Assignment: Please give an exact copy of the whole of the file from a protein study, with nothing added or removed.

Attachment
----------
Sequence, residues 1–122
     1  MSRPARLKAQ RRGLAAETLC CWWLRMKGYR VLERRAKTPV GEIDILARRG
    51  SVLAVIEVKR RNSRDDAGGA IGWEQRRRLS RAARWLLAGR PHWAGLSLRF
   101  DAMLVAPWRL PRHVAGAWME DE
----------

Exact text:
Sequence, residues 1–122
     1  MSRPARLKAQ RRGLAAETLC CWWLRMKGYR VLERRAKTPV GEIDILARRG
    51  SVLAVIEVKR RNSRDDAGGA IGWEQRRRLS RAARWLLAGR PHWAGLSLRF
   101  DAMLVAPWRL PRHVAGAWME DE